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On this blog we will track down the latest Amazon Kindle news. We will keep you up to date with whats hot in the bestsellers section, including books, ebooks and blogs... and we will also bring you great Kindle3 tips and tricks along with reviews for the latest KindleDX accessories.

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September 2016
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Kindle Fire vs Windows 8 Tablets: Another Pointless Comparison

There is essentially no competition to be found between the Kindle Fire and any imaginable Windows 8 Tablet at this time.  I’ve touched on this a bit here already immediately following the announcement of the Microsoft Surface tablet, but it’s come up in emails and various other places often enough since then to be worth revisiting.  They are catering to completely different needs, price ranges, and purposes.  I doubt this comes as much of a surprise to anybody, but let’s hit the high points again.

The comparison ends up being very similar to that of the iPad vs the Kindle Fire.  It is inevitable that people will compare them.  After all, they are both tablets.  Add to that the fact that they are both extremely popular and that each is backed by one of the biggest companies in the world right now and the parallels are too clear to ignore.  Stepping past the most superficial aspects gives us a much more meaningful understanding.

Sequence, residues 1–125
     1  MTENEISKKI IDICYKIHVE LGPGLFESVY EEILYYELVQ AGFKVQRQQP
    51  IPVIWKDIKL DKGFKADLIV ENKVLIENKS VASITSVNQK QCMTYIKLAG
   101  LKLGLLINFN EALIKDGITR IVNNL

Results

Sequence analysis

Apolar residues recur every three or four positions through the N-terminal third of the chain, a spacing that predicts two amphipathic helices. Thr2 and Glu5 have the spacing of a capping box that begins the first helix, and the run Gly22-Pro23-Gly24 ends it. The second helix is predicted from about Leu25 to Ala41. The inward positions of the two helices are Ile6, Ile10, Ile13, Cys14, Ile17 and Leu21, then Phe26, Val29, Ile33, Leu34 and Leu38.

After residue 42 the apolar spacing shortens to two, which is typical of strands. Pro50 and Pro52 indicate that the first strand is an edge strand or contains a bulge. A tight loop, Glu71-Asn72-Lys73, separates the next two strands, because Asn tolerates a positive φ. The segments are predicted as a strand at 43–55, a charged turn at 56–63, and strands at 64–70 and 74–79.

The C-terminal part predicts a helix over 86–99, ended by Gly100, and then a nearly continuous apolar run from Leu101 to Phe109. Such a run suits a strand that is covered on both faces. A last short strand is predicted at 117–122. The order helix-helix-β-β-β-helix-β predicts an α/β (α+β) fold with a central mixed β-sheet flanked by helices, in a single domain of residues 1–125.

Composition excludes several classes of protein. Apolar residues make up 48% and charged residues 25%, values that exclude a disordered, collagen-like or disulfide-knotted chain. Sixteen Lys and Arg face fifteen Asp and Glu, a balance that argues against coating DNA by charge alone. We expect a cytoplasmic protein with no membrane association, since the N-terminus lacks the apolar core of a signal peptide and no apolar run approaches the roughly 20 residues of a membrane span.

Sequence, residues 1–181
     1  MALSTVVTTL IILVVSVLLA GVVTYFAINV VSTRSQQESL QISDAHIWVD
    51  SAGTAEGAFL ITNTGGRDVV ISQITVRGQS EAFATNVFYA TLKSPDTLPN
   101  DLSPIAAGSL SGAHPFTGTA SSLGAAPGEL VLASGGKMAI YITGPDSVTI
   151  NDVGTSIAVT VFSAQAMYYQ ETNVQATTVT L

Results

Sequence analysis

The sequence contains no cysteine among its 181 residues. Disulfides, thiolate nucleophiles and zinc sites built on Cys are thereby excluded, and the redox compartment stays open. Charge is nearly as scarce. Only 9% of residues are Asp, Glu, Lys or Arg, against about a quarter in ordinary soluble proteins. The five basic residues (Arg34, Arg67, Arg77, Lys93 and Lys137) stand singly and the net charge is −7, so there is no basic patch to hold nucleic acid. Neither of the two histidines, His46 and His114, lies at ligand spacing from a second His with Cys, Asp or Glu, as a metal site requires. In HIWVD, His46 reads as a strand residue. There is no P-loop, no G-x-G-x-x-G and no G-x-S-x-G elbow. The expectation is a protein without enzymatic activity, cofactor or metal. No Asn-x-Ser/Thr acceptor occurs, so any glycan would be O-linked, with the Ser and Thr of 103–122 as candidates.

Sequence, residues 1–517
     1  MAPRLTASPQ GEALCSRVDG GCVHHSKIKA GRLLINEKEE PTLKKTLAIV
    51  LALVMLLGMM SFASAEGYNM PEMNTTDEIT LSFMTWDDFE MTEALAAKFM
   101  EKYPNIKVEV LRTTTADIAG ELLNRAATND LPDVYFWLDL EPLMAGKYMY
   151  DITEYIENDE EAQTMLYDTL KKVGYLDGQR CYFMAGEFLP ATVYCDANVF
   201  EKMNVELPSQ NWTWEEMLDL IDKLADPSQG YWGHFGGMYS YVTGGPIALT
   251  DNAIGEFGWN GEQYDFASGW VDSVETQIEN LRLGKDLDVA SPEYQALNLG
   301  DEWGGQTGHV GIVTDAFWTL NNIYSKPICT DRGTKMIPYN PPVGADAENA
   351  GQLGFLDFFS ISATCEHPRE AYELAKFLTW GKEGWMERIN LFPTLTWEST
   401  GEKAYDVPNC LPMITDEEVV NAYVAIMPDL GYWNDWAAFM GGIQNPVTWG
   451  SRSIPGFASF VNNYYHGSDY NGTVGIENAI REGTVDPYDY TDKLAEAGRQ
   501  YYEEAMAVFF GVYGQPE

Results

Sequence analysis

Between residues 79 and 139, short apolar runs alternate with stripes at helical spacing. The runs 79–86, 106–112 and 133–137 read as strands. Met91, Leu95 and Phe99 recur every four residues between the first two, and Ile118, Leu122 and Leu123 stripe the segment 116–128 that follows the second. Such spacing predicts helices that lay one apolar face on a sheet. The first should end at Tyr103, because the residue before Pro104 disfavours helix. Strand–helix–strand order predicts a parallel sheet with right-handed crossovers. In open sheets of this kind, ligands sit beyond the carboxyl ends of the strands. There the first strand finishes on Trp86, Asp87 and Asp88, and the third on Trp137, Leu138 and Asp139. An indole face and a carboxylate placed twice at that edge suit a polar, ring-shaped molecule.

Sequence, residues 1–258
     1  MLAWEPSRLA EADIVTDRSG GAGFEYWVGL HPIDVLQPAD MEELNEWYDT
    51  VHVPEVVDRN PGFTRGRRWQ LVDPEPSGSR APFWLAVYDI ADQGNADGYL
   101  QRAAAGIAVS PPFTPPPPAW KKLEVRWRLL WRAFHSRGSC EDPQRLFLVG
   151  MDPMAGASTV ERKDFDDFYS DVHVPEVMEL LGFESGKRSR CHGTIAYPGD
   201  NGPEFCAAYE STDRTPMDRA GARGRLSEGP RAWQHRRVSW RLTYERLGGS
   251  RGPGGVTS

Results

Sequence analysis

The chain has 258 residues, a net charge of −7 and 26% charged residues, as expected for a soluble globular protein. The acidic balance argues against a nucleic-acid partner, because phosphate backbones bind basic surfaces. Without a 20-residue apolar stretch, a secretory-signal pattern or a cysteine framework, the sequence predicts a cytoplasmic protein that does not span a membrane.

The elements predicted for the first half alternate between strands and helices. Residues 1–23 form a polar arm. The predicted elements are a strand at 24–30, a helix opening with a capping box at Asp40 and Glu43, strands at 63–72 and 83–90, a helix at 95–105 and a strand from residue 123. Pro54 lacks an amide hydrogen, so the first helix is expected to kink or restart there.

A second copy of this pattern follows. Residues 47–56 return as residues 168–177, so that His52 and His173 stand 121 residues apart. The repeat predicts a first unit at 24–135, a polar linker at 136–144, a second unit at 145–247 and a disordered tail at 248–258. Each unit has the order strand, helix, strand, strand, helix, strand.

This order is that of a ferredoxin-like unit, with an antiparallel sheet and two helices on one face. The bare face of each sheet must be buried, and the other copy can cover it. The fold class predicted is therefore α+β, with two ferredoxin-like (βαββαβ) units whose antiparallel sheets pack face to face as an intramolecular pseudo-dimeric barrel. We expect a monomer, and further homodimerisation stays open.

In the case of Windows 8, we’re looking at a tablet OS that is deliberately formed into something that could replace a laptop.  The Surface is the ideal example, as you would expect when Microsoft designed both hardware and software sides of things.  Users get productivity apps along the lines of a full Office suite, a well-integrated social media sharing system, and more.  If you could possibly want to do it on a tablet, or on a portable computing device in general, Windows 8 is probably somehow equipped for that.

The Kindle Fire, on the other hand, doesn’t even come with full Android functionality.  It is an Amazon device meant for consuming Amazon media services.  You don’t get much in the way of access to third party programs.  Even media coming in from a non-Amazon source isn’t always supported as well as one might like.  I can recall a few occasions when the lack of a decent codec pack was problematic.  If a particular user’s situation demands it then they can certainly install some approximation of office apps and such, but the experience will be less than ideal and there is no way to significantly improve it.

There is a reason that the Kindle Fire is priced so far below things like the iPad and, presumably, the Surface.  You wouldn’t be wrong to guess that part of it is simply an inability to compete at that price point, but you wouldn’t be entirely right either.  Amazon is using the tablet in a different way and not even really trying to compete.

There will always be implicit comparisons.  Not only will they come up with the big names in the tablet market, but the Kindle Fire will forever be lumped in with the Android Market as people try to figure out who is doing well.  In reality, it doesn’t even belong there.  Their device is being sold cheaply, maybe even at cost even now, specifically because it doesn’t matter how much they make on the hardware.